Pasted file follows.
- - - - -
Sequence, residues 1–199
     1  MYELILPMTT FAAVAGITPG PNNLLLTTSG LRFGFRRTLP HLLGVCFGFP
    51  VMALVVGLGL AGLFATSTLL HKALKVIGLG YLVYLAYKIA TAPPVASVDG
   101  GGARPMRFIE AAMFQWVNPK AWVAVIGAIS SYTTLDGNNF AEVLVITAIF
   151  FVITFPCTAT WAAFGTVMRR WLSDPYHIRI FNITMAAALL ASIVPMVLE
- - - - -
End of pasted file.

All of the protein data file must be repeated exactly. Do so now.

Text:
Sequence, residues 1–199
     1  MYELILPMTT FAAVAGITPG PNNLLLTTSG LRFGFRRTLP HLLGVCFGFP
    51  VMALVVGLGL AGLFATSTLL HKALKVIGLG YLVYLAYKIA TAPPVASVDG
   101  GGARPMRFIE AAMFQWVNPK AWVAVIGAIS SYTTLDGNNF AEVLVITAIF
   151  FVITFPCTAT WAAFGTVMRR WLSDPYHIRI FNITMAAALL ASIVPMVLE